out of Five
Running time: 92
Hancock has a likeable cast and an intriguing central premise but it's let down by a disappointingly uneven plot, painfully underwritten characters and dodgy effects.
What's it all about?
Directed by Peter Berg, Hancock stars Will Smith as John Hancock, a down-and-out drunk who also happens to be LA's resident superhero. Consequently, his frequently inebriated attempts at crime fighting usually result in millions of dollars worth of collateral damage.
However, when Hancock rescues PR guy Ray (Jason Bateman) from an oncoming train, Ray thanks him by giving him an image makeover, the first step of which involves Hancock spending time in jail. Meanwhile, Hancock gets to know Ray's wife (Charlize Theron) and son (Jae Head) and as he sobers up, he begins to wonder about his amnesiac past.
The film's central premise is intriguing and the idea of an alcoholic and bad tempered superhero is something of a breath of fresh air in this summer of superheroics. The film also benefits from a superb cast, with Smith, Theron and Bateman all sparking off each other nicely.
Smith is clearly enjoying himself by trouncing his all-around nice guy image and the film has a few knowing laughs at his expense – such as Hancock's forced fake smile, as opposed to the trademark Smith grin.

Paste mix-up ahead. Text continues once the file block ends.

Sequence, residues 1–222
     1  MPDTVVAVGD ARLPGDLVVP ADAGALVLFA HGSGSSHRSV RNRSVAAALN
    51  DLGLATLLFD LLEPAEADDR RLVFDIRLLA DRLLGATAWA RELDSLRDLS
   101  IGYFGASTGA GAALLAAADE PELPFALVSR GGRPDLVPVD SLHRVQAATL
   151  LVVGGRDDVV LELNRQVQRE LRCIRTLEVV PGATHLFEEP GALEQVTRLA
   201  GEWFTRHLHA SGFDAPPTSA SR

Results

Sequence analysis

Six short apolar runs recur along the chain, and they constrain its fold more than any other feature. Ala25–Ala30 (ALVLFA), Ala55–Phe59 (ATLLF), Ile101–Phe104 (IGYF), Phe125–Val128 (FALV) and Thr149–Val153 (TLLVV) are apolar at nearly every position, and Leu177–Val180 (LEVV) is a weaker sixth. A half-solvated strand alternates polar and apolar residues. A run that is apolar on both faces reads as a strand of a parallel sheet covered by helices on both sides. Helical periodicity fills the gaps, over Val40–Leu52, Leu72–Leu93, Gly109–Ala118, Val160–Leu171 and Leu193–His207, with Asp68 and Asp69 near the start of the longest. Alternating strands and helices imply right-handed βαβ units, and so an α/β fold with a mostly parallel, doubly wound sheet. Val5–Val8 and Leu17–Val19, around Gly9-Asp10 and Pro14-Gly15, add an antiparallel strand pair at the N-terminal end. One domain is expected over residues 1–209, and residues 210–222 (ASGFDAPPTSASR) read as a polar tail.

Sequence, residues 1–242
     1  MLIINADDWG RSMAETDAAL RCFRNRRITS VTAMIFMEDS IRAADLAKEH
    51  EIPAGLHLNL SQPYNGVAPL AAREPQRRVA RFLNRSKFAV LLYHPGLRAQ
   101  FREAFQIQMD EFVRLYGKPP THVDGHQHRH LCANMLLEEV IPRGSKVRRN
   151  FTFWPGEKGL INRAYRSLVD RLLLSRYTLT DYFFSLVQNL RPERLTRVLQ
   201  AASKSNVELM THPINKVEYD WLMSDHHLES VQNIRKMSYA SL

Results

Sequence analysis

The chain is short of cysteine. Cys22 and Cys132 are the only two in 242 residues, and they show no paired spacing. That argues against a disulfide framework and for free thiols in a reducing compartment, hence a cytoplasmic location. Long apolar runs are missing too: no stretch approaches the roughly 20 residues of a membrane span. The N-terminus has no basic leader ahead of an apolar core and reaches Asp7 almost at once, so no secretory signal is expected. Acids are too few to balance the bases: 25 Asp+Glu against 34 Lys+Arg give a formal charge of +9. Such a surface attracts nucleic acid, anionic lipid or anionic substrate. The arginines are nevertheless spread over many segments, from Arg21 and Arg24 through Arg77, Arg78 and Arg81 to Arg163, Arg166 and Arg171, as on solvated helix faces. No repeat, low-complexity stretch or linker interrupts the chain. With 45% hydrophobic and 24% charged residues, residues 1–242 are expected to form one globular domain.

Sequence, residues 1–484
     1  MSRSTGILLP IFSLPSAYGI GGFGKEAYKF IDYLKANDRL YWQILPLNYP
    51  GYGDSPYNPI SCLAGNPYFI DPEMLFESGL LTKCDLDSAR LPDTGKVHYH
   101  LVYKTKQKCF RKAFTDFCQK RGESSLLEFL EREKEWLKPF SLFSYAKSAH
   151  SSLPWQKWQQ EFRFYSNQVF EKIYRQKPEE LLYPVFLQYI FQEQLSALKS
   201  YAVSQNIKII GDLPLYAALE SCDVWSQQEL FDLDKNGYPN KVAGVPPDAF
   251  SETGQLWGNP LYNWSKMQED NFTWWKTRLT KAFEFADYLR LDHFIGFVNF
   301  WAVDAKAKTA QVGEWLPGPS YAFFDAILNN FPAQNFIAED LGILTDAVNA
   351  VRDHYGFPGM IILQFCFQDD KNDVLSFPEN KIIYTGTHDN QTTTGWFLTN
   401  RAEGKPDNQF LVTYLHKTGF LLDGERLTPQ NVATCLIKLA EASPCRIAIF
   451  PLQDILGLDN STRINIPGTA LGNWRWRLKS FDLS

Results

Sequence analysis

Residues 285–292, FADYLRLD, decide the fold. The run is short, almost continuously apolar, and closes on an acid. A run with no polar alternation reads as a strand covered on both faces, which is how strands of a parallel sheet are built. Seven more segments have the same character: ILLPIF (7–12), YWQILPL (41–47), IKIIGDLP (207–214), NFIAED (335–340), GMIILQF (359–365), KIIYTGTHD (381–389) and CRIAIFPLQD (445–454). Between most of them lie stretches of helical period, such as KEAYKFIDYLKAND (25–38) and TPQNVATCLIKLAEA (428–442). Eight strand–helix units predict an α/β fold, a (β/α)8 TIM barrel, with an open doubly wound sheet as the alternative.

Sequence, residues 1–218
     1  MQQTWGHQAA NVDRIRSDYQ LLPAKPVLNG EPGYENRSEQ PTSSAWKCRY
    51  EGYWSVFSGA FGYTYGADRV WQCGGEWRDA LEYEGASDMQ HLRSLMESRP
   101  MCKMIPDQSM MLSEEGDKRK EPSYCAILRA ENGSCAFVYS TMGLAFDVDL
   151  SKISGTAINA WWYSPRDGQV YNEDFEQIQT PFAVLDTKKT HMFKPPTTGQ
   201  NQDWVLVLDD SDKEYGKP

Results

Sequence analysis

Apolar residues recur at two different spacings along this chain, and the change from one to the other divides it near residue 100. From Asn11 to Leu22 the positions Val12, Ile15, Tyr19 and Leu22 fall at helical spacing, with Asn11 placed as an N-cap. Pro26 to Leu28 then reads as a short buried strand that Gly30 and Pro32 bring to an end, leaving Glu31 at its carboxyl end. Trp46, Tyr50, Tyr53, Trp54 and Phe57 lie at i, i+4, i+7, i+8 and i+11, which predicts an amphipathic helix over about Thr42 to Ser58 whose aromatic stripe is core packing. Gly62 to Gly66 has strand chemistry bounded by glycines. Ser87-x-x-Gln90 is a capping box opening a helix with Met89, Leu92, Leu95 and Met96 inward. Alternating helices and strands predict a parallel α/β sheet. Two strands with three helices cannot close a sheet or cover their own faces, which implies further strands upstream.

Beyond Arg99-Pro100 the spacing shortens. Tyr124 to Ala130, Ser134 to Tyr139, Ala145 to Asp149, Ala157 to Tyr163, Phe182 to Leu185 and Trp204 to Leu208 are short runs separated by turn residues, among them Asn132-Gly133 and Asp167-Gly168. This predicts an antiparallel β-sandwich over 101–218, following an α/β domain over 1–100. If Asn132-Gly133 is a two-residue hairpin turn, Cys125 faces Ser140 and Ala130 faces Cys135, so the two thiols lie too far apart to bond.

The problem is that the plot is all over the place and, for a comedy, it's not really all that funny. Spoilers preclude going into detail but there's a plot development that you'll probably see coming and once it happens, the film suffers badly from poorly-defined characters and unanswered questions.
In addition, the effects work is dodgy in places, whilst the action scenes themselves are poorly directed, to the point that it's often difficult to tell what's happening.
A likeable cast ensure that Hancock is never less than watchable, but the plot feels rushed and under developed and you can't help feeling that the film should have been a lot better.